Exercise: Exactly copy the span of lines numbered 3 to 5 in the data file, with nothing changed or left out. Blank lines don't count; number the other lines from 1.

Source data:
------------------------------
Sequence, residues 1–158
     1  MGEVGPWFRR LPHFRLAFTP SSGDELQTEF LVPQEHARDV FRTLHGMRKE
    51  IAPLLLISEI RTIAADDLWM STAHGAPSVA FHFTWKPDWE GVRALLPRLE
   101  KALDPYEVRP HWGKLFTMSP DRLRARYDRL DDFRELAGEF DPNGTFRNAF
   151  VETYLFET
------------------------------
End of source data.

    51  IAPLLLISEI RTIAADDLWM STAHGAPSVA FHFTWKPDWE GVRALLPRLE
   101  KALDPYEVRP HWGKLFTMSP DRLRARYDRL DDFRELAGEF DPNGTFRNAF
   151  VETYLFET